It may seem fun at first to work from 4 pm to 2 am, but you soon realize it has some inconvenience. You can say bye to partying with your 9to5 friends, because when they’ll want to get drunk, you’ll have to work, and when you’ll have finally finished working and want to get drunk, they’ll be sleeping. So you’ve got to find friends who can either last all night long or who has the same work hours as you — fortunately , for me, I had both!

But it is true that those work schedules are incredible and let you have many things you don’t have with more common working hours. First of all: you’ve got to sleep every morning! No more alarm at 6 or 7 am, you’re free! Well, at least if you agree to come home from work at 3 am.

Then, after waking up at noon, you’ve got to enjoy your lunch and your afternoon. Wanted to eat at this usually so busy restaurant? Well, not so alive when you go there a Monday at 2 pm when everybody else is working.

Lastly, you still got to party and the one good thing when you join the party after 1 or 2 am? You’re the only one sober! Which gives you quite an admirable advantage!

This is the best position to listen and observe people.

A great point of being behind the bar? You’re not the one drinking the cocktail! Well, said like this, not so much of an excellent point… but, it is non the less accurate. You will — mostly — stay sober during your shift, while your client will get drunk pretty quickly, which gives you an advantage. The one of being able to register things people would normally not do or not say when they will not even remember telling you.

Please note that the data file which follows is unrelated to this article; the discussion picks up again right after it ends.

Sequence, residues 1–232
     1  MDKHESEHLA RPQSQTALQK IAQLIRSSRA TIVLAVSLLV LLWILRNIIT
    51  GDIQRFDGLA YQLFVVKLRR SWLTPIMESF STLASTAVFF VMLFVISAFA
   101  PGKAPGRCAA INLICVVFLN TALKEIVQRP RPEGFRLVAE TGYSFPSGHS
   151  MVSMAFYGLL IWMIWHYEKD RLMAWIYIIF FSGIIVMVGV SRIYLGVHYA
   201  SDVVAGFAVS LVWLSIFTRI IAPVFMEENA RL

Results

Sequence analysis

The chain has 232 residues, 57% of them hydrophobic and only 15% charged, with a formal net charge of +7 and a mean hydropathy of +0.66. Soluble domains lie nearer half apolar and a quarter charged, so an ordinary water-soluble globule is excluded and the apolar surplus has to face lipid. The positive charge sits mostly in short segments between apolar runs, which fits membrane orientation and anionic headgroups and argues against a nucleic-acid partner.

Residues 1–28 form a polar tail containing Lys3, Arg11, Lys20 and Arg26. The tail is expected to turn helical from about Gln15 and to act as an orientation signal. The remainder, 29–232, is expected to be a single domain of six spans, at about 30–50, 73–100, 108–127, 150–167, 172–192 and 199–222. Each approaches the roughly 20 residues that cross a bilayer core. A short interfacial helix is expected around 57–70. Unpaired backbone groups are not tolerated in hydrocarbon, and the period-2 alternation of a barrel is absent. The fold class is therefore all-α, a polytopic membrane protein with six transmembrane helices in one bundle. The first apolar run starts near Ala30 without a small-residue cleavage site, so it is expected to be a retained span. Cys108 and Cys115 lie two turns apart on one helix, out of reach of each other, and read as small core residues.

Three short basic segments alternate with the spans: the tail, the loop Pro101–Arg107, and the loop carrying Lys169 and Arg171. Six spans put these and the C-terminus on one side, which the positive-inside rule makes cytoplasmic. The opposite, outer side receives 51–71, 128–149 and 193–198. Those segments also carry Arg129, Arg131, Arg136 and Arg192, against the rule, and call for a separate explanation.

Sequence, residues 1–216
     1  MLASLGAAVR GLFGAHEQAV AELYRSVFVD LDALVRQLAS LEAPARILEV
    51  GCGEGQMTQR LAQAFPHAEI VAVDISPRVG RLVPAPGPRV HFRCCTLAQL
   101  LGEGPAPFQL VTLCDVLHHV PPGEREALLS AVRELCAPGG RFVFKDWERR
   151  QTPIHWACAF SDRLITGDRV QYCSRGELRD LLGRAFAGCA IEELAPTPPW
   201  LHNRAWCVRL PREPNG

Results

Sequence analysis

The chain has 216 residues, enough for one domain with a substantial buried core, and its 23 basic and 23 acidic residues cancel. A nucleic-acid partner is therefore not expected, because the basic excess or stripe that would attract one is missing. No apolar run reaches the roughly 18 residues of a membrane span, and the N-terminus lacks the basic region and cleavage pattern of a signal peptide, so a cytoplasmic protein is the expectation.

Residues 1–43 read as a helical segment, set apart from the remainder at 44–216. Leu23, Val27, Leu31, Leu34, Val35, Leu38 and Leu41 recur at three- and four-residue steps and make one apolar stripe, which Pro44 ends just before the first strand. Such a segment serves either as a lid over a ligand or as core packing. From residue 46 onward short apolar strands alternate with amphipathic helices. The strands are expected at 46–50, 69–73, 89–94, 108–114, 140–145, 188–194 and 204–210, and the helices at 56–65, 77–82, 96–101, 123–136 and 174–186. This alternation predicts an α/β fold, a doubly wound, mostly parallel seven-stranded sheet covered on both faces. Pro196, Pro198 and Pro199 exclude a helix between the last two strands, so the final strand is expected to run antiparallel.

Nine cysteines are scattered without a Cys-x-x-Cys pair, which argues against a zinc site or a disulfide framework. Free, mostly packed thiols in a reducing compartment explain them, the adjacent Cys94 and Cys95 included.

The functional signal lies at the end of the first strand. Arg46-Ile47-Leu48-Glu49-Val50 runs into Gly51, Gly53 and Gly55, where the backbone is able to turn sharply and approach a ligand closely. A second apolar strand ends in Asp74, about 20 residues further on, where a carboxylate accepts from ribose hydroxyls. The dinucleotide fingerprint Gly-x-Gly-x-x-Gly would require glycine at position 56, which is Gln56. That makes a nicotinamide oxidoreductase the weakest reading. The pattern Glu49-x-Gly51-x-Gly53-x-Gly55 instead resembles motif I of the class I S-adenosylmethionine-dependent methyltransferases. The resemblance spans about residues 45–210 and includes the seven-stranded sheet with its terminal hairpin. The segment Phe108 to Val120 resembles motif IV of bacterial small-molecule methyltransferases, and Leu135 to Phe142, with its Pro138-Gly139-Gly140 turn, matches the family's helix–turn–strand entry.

But well, don’t worry too much as a client, we see so many people that except if you’ve made quite the impression or if we already know you, we will not remember your whereabouts.

It is an excellent position to meet new friends.

People have to talk to us — except if you don’t want a drink, of course. You don’t even have to engage in any conversation; people will do it. Yes, it’ll be to order a drink, but the conversation can easily be shifted, and you can take advantage of the time you make her or his drink to ask some questions. And who knows? Maybe she or he will stay at the bar to exchanges with you.

Also, as stated earlier, we tend to stay sober — or at least close to — and when you say something about you: we’ll remember it. Wish can be an excellent conversation improver when everyone else is drunk and will hardly remember what they were talking about 5 minutes after ending the conversation.

And even I, who was not interested in romantically meeting people, made many friends being a bartender.

In the end, bartending is a fantastic job. It’s refreshing and fun, very human. I meet many people, listen to lots of stories, and even though the work schedule can be problematic, it gives me a lot of time during the day.

Science & tech enthusiasts. “Any fool can know. The point is to understand.” A. Einstein